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Three Scientific Societies Meet in Montreal: Glad I was already here.

Thanks to QCBS, I was able to attend the Genomes to Biomes conference in Montreal held between 25th and 29th of May 2014. It was the first joint conference of the Society of Ecology & Evolution (CSEE), the Canadian Society of Zoology (CSZ), and the Society of Canadian Limnologists (SCL). The conference therefore had a very broad scope, which for me meant that I got to expand my knowledge of the field of Ecology some depth. I have been trained in the field of Evolutionary Developmental Biology (Evo-Devo), Ecology has largely been something I wished I could learn more about. Over the last few years, I have realize the need for integration of the ecological context into my models of Evo-Devo. This is now being addressed in the shape of the emerging field called ecological-evolutionary-developmental biology (Eco-Evo-Devo). The need for thinking beyond model organisms, beyond levels of organization, beyond established paradigms is becoming imminent. I would not consider myself a representative audience for the Genome to Biomes conference but I did find lots of interesting talks in almost all the parallel sessions. With a few climbs up and down the stairs I was able to juggle between different themes, from Evolution of host-parasite relationship to snail shell ornamentation. The talks about adaptation of different fishes, mammals and birds to the changing environments with some reference to man-made changes to the environment helped me appreciate the need for in depth understanding of the effect of pollutants. I understand this will certainly shape our responses for a clearer modelling of future expectations that in turn may influence our choices or recommendations for environmental and species conservation. My highlight of the conference was the realization that there is very little we actually know about the workings of the Biosphere. Neatly put by one of the plenary speakers Professor Daniel Schindler who said, “This is not rocket science, we are dealing with something much more complex than that.”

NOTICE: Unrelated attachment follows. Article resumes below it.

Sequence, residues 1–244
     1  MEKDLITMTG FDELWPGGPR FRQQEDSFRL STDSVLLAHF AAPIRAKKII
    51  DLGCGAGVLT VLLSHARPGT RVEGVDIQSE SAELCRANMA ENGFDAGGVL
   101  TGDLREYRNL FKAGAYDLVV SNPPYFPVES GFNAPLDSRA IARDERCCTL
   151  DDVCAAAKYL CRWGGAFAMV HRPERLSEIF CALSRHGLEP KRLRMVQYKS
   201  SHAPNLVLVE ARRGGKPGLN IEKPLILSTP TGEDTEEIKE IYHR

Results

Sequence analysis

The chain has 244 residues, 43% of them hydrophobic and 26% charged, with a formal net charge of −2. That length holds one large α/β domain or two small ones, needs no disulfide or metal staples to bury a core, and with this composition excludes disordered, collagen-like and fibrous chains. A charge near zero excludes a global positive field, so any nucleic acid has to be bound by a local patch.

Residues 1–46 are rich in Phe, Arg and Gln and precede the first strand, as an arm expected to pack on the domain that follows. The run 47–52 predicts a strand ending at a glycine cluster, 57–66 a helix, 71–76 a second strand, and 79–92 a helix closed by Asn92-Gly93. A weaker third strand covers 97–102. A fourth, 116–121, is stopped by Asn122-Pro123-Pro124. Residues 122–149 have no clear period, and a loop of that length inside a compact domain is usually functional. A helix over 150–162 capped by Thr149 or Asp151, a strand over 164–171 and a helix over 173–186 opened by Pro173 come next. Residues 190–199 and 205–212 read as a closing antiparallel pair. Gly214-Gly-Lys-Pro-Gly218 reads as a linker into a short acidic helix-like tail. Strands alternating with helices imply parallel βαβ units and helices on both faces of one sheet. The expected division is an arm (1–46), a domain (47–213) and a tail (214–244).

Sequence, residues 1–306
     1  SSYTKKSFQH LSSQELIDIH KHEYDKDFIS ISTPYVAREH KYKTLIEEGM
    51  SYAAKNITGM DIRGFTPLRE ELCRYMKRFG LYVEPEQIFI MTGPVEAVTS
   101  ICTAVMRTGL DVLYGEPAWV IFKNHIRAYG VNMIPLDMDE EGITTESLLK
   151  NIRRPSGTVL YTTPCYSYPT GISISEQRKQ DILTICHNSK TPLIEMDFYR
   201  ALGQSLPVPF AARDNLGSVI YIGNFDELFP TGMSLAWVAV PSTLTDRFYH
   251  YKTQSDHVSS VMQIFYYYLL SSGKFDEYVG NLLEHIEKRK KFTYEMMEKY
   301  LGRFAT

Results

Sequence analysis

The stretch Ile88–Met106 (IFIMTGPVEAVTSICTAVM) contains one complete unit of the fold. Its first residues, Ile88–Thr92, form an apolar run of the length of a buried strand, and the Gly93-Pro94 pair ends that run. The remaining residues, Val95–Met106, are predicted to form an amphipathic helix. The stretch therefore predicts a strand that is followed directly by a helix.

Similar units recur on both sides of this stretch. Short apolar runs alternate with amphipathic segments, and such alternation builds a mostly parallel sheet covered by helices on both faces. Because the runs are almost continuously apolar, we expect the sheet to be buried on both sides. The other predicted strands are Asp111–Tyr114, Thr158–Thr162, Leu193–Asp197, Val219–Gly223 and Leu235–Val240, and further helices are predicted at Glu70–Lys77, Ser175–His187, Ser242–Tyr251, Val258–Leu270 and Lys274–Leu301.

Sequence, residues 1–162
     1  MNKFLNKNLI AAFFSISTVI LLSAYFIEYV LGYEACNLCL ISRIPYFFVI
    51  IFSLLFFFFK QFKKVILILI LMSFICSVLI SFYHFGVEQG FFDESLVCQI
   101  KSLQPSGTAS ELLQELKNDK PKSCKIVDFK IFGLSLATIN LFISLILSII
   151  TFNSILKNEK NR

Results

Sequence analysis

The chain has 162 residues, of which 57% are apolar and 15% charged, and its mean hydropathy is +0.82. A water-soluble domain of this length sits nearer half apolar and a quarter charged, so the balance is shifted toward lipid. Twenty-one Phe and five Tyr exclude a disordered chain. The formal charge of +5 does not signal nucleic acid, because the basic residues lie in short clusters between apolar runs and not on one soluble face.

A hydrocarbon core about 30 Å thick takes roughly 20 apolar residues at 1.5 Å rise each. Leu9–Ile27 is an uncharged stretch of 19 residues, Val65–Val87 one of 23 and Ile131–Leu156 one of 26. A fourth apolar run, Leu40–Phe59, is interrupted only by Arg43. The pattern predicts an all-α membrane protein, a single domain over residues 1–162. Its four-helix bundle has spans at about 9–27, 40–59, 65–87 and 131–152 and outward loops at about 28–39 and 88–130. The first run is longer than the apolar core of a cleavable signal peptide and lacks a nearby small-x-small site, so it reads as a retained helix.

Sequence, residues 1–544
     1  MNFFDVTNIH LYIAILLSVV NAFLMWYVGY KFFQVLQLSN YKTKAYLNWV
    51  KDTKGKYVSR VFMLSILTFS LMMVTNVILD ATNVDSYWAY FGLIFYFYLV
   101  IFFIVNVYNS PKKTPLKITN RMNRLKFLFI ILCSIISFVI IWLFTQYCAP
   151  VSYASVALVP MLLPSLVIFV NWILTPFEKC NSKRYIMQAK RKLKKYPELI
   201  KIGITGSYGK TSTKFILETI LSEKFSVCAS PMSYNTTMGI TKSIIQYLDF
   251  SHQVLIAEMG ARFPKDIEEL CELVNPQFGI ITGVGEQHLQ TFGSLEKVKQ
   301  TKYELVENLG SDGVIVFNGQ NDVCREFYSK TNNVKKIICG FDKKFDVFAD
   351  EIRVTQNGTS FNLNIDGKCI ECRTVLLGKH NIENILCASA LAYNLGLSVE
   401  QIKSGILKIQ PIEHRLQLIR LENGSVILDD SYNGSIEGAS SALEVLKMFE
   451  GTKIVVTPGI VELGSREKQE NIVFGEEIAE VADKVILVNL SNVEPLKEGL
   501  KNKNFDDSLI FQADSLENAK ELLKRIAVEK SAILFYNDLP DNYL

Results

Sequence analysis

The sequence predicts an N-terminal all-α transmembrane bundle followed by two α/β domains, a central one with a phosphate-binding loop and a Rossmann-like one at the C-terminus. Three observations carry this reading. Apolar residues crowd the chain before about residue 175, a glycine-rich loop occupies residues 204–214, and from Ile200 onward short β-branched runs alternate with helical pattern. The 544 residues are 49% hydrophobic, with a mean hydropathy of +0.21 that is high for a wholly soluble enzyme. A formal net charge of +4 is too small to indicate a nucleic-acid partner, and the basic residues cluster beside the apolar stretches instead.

I have been working at McGill University for the last couple of years on an interdisciplinary project to study the developmental genetic basis of variation in body plans in ants and ant mimics among flies. I use wild populations of flies and induced environmental variations to introduce genetic and environmental variation in an experimental population of embryos of flies. Through a collaboration between three groups at McGill, we have developed an embryo arraying device for high-throughput imaging of embryos. With this setup we are able to artificially select for variants in embryonic expression patterns to mimic direction of evolutionary change in homologous genes across populations or species. With this project we are trying to break new ground not only in developing novel experimental methodology but also conceptually taking the powerful method of artificial selection and applying it at the spatial and temporal gene expression level.